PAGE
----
Not many people have heard the name Dr David Unwin, but he has caused quite a stir in the medical arena recently. He has published a paper showing that his type 2 diabetes patients who follow a low carbohydrate, low sugar diet have got their blood sugar levels under control and some have even stopped medication completely. Plus those who are overweight are slimming down.
He’s even had an article written about him & the controversy he’s causing in the New Scientist magazine (11 Jun 2016).
He advises his patients to stop counting calories, eat high-fat foods – including saturated fats – and avoid carbohydrates, namely sugar and starch.
It’s great to hear more and more in the press about those advocating that sugar is bad and that saturated fat will NOT make you fat.
Another recent publication causing a big uproar is the National Obesity Forum report.
The report says the low-fat and low-cholesterol message, which has been official policy in the UK since 1983, was based on “flawed science” and had resulted in an increased consumption of junk food and carbohydrates.
Processed foods labelled “low-fat”, “lite”, “low cholesterol” should be avoided at all costs and people with Type 2 diabetes should eat a fat-rich diet rather than one based on carbohydrates, the report urges.
Another believer of this type of diet is Michael Mosley, the BBC science journalist, famed for the ‘Trust me, I’m a Doctor’ series and popularising the 5:2 diet.
He now has his own diet website, ‘The Blood Sugar Diet‘, aimed at helping people who are worried about their blood sugar levels, need to lose tummy fat or wanting to reverse Type 2 Diabetes. He claims that his diet theory is based on more than ten years of research carried out, by amongst others, scientists at Newcastle University, UK.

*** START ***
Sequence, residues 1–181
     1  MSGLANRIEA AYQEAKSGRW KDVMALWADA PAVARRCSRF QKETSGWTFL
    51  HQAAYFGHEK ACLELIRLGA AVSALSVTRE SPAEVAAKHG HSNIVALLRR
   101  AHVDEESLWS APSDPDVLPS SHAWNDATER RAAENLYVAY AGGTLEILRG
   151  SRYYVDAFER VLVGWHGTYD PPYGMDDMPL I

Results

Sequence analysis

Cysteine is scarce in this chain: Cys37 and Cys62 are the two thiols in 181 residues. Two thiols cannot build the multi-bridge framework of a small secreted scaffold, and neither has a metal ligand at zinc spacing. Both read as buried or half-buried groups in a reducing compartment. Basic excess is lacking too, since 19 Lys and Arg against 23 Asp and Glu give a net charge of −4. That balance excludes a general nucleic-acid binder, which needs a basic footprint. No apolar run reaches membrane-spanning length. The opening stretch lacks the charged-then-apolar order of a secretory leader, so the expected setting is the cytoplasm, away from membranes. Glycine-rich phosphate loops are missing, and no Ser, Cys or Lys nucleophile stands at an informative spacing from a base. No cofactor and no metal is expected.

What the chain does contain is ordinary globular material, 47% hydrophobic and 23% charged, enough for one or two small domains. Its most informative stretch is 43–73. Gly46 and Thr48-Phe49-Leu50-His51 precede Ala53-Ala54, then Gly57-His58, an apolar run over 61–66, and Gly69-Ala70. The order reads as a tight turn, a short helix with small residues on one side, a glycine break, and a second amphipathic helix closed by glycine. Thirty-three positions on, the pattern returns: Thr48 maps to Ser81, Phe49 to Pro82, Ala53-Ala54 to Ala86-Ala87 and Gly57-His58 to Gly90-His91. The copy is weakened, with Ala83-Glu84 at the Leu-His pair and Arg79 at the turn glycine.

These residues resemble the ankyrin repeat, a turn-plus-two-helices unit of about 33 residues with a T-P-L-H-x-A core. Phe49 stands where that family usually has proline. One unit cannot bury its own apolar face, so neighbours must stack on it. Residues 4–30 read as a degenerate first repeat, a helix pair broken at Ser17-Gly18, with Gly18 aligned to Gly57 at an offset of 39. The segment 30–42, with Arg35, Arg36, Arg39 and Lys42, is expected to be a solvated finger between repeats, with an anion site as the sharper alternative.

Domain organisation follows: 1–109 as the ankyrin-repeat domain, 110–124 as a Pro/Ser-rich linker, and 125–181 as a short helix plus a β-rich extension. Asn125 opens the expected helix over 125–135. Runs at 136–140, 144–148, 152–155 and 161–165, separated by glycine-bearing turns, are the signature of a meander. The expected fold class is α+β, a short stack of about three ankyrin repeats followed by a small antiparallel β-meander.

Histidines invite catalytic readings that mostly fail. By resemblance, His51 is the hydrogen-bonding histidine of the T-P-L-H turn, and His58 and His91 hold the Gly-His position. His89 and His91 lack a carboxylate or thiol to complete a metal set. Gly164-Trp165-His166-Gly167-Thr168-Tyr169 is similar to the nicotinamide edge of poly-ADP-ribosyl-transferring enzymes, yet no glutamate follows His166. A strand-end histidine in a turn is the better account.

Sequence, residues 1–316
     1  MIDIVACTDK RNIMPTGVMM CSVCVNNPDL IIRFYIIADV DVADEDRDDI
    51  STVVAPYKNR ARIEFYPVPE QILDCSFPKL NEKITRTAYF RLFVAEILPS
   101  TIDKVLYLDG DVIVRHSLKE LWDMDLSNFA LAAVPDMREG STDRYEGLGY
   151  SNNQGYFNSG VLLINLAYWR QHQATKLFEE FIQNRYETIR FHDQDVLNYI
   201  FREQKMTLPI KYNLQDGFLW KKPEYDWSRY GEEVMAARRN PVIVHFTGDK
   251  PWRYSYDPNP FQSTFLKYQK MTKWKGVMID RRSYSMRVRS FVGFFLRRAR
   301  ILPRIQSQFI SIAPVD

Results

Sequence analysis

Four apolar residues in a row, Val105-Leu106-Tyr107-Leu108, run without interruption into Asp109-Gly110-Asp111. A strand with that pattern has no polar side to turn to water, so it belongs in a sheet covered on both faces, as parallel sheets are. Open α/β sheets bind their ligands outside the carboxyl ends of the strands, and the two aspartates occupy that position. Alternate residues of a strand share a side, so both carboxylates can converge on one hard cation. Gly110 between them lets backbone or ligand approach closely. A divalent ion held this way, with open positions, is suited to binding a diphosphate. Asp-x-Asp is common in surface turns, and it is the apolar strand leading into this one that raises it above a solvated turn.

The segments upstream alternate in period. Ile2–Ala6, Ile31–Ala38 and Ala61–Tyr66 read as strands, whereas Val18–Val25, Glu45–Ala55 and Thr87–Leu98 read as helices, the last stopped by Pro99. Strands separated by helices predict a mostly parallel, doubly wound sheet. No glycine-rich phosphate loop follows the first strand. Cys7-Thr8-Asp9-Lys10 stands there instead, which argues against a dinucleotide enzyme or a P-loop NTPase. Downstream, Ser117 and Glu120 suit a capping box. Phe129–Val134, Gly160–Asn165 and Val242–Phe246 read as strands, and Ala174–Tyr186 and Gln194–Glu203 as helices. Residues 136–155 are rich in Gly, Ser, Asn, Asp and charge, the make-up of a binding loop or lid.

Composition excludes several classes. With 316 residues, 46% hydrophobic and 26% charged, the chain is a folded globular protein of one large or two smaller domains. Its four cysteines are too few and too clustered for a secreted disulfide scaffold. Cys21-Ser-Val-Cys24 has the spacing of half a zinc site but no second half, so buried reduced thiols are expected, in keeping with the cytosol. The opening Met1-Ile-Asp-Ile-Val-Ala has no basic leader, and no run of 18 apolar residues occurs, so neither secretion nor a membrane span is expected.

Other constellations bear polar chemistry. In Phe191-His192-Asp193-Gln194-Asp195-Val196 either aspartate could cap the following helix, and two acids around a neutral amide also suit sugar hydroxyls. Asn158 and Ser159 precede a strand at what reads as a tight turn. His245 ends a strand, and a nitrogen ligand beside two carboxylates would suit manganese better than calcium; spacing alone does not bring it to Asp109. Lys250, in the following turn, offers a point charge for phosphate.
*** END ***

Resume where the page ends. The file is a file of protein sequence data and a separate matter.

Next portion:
His website states:
‘The Blood Sugar Diet is based on eating a low carbohydrate Mediterranean style diet. This contains few refined, starchy carbohydrates (because these convert rapidly to sugar in your blood), lots of green and coloured vegetables, plenty of protein and, you may be pleased to hear, it also includes moderate amounts of healthy fats such as olive oil and even some dairy products such as full fat unsweetened yoghurt to keep you feeling full for longer.’
Once again, it’s great to hear mention that full fat is better for you. Especially when unsweetened! I’ve been blogging about the health issues of the low fat con (& inescapable sugar addition) for ages – you can read my past blogs about fats & sugar here… and watch ‘That Sugar Film‘ by Damon Gameau…
To help you build a healthy new relationship with food and your body image, join our Nourish Your Body retreat with Dr Claire Maguire.